Charcoal making experiment

Over the weekend of 31 Jan-1 Feb 2010, we dug a pit that had similar dimensions to the ones found along Germany Beck, to see how these pits would work. We really wanted to know if they could have been producing charcoal in a few days.

Below this heap is a 2m circular hole that was 80cm deep.

Once it was well alight the fire was covered in leaves and think wood so that it could be covered in soil.

The log on left marks the channel that allowed a little air to enter at the bottom of the burn.

The BBC was there to record events. Terry Deary, author of the Horrible Histories books, was making a programme.

We were able to rake charcoal out, via the air intake, within 12 hours of light-up. So it would be possible use a pit to make charcoal quickly enough for any recycling work after the battle.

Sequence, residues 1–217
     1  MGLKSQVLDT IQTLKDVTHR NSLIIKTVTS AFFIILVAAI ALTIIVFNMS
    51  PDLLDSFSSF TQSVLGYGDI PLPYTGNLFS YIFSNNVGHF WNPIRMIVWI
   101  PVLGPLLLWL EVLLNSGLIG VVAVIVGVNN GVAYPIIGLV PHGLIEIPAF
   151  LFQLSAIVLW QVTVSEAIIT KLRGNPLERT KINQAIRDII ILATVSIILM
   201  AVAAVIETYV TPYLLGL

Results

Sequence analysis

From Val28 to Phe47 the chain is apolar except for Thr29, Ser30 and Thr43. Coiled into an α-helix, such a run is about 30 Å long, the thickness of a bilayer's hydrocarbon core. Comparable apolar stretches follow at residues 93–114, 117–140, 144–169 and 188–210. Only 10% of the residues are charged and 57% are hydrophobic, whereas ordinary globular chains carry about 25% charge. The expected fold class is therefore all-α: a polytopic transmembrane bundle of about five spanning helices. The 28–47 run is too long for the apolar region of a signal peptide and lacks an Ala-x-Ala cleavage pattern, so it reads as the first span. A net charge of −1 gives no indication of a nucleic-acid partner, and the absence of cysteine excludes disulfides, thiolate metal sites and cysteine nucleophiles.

A short video showing the digging, building, lighting and management of the fire will be on UTube very soon.

The BBC film was shown on Monday 15 February 2010 as part of the Inside Out show.

Raking out the last of the charcoal.

As a part of the experiment charcoal had been extracted during the 'burn'. Water was poured over the charcoal as it was not easy to spot in the photos - so that is steam rather than smoke rising.

This is the pit at an earlier state of excavation. Charcoal had been taken from top-right and bottom-left leaving only the central area.

The pit was still hot and there is evidence that rather more burning took place to judge by the amount of ash. But the amount of quality charcoal produced was excellent with whole logs charred.

Since this experiment, the report on may charcoal pits from Norway that was published in 2007 has been seen. Details will follow.